Archive Surgical Construction 2017

ORs Built for Speed

Combining the latest technologies with a functional design improves clinical efficiencies.

Daniel Cook

Daniel Cook, Executive Editor


new OR designs CLEAN SLATE New OR designs solve common issues associated with equipment clutter.

New York-Presbyterian Hospital is poised to open a multimillion dollar expansion on Manhattan's Upper East Side that will feature 12 sleek new ORs designed specifically for outpatient cases. Beryl Muniz, RN, MAAS, the hospital's vice president of perioperative services, can hardly contain her excitement. "Outpatient surgery can be done more efficiently, and with better quality of care, when ORs are dedicated to ambulatory cases," says Ms. Muniz. "I've gotten my wish." Thanks to the new space that's she's been planning for years, her surgical team will achieve excellent outcomes faster than ever.

Out with the old
The new construction project was conceived in order to move outpatient cases out of the hospital's main ORs, where patients arriving for straightforward knee scopes went through the same painstaking pre-op registration process as inpatients readying for complex neuro surgery.

In the new patient-centric surgery center, patients will no longer be forced to find their way through a maze of windowless corridors to find the surgical waiting room. "We wanted to create an environment that shows a great deal of respect for our patients," says Ms. Muniz. "That's something we all feel on a daily basis, but we're not always able to demonstrate it in older facilities."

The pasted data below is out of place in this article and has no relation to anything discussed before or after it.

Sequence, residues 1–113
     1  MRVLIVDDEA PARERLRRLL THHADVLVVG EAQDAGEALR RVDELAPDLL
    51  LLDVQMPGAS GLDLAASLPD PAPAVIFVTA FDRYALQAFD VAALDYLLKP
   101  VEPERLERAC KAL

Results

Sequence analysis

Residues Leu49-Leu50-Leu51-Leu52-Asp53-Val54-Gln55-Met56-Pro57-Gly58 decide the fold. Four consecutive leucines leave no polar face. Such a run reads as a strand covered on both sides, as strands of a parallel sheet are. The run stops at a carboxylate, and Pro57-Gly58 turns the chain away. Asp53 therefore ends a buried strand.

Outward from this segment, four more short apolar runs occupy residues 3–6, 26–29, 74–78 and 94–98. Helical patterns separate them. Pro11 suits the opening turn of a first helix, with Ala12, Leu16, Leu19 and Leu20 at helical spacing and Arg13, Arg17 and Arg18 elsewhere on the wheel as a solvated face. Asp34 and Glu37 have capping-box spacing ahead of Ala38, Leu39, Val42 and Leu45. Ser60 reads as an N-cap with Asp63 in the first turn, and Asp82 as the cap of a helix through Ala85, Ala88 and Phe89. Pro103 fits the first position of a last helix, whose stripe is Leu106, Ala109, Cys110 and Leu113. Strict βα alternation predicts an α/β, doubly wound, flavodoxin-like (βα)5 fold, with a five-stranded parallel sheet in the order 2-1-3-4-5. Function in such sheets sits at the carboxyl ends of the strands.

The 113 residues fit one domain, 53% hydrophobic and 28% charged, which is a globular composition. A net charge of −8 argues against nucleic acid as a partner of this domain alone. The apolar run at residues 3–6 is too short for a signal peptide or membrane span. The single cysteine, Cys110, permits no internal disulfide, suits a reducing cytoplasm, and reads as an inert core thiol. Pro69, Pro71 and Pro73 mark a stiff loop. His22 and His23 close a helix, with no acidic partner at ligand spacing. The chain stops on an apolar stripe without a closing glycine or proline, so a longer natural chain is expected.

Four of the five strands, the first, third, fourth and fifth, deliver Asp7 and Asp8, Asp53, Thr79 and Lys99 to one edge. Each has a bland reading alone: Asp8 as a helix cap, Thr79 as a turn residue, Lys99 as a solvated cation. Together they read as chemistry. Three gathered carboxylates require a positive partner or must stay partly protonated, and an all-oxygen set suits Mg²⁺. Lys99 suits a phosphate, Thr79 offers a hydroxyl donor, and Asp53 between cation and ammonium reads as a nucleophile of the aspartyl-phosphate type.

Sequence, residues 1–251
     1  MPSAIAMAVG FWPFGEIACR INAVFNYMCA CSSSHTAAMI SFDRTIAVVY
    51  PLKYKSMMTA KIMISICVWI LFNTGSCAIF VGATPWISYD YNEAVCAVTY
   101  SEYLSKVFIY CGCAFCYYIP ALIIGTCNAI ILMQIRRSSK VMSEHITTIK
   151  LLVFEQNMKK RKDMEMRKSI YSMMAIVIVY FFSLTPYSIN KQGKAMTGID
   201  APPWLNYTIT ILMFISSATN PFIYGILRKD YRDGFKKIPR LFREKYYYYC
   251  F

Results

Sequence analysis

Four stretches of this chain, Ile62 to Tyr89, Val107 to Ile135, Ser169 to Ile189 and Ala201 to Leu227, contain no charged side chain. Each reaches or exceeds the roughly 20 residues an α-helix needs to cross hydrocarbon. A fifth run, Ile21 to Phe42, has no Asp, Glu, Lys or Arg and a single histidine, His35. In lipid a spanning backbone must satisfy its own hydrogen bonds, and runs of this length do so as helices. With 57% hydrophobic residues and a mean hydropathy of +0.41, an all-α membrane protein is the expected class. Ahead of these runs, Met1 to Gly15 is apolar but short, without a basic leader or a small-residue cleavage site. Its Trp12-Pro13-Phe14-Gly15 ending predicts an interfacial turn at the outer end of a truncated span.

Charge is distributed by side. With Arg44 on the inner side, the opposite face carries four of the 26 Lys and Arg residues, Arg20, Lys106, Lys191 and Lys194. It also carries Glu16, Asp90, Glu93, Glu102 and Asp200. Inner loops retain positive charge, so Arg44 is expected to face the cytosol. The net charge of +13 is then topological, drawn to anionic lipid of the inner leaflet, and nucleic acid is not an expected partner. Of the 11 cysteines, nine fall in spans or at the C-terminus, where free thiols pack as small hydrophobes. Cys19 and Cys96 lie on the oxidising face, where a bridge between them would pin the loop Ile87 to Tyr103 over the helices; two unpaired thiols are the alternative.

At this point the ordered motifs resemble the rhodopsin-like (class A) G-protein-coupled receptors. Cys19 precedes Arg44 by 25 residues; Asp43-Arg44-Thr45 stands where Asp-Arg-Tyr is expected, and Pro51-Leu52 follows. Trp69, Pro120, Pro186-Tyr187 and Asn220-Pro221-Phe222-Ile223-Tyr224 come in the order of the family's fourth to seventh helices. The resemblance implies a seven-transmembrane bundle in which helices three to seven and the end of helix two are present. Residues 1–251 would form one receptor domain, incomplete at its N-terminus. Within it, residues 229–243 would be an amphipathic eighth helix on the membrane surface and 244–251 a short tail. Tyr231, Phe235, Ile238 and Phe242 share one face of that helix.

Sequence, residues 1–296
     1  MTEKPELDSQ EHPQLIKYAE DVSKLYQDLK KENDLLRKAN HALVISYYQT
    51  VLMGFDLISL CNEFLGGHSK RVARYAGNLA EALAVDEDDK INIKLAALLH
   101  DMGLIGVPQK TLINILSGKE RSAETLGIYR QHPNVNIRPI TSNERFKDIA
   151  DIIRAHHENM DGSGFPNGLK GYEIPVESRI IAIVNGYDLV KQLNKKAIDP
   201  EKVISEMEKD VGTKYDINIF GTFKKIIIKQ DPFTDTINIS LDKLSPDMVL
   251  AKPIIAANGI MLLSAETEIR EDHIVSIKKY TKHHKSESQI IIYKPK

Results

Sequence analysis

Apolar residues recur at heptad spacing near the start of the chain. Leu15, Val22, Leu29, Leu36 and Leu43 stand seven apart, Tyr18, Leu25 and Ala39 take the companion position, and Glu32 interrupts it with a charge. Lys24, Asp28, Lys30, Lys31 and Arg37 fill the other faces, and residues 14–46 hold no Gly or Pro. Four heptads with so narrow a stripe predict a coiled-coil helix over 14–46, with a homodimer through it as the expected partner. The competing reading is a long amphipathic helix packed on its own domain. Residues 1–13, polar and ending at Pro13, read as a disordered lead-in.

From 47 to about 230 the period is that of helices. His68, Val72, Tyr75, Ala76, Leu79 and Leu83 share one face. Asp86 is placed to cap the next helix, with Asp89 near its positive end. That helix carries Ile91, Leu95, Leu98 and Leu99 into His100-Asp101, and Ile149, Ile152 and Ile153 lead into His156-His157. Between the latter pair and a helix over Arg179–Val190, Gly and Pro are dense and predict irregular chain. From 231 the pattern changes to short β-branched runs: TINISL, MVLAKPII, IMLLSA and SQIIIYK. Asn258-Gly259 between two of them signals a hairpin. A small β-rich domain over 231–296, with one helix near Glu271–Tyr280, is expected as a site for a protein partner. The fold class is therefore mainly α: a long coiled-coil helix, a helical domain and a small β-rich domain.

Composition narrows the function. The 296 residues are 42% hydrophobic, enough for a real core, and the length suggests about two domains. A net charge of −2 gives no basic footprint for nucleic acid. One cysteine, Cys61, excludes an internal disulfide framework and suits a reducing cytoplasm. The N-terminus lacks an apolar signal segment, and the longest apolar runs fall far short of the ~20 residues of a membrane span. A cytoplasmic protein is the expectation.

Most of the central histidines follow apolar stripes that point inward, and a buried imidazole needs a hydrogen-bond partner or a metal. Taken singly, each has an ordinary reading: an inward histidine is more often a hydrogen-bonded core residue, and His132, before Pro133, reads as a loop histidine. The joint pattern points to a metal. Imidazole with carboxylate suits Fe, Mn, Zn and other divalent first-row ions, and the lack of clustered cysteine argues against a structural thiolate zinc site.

The surgery center's 12 ORs will each have 3 dedicated prep/PACU rooms where patients and their loved ones gather before and after surgery. The 36 rooms were intended to provide patients with privacy, but they're also designed to maximize efficiencies on the day of surgery; staff members won't have to constantly pull linens on and off of stretchers or try to figure out which bay patients should be wheeled to after surgery, which will save time between cases. Ms. Muniz says the 3 bays that are dedicated to each OR will be numbered (1.1, 1.2, 1.3/2.1, 2.2, 2.3/3.1, 3.2, 3.3, etc.) so staff know exactly where their patients are being prepped for surgery and which rooms they should be returned to in order to recover.

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